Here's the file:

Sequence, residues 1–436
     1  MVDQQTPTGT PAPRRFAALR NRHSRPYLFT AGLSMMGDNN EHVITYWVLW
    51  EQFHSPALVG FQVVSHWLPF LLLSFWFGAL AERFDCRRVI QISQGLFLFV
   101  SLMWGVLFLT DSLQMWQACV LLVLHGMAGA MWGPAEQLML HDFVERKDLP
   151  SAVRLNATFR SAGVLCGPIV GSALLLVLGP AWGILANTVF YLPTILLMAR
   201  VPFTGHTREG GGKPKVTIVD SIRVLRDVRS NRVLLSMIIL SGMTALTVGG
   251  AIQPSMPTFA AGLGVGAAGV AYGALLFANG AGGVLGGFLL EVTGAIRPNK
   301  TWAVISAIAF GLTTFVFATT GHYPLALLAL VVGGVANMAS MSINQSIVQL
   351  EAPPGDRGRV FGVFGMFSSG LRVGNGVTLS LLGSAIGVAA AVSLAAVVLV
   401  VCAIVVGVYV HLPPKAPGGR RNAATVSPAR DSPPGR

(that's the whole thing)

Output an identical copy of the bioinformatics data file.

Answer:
Sequence, residues 1–436
     1  MVDQQTPTGT PAPRRFAALR NRHSRPYLFT AGLSMMGDNN EHVITYWVLW
    51  EQFHSPALVG FQVVSHWLPF LLLSFWFGAL AERFDCRRVI QISQGLFLFV
   101  SLMWGVLFLT DSLQMWQACV LLVLHGMAGA MWGPAEQLML HDFVERKDLP
   151  SAVRLNATFR SAGVLCGPIV GSALLLVLGP AWGILANTVF YLPTILLMAR
   201  VPFTGHTREG GGKPKVTIVD SIRVLRDVRS NRVLLSMIIL SGMTALTVGG
   251  AIQPSMPTFA AGLGVGAAGV AYGALLFANG AGGVLGGFLL EVTGAIRPNK
   301  TWAVISAIAF GLTTFVFATT GHYPLALLAL VVGGVANMAS MSINQSIVQL
   351  EAPPGDRGRV FGVFGMFSSG LRVGNGVTLS LLGSAIGVAA AVSLAAVVLV
   401  VCAIVVGVYV HLPPKAPGGR RNAATVSPAR DSPPGR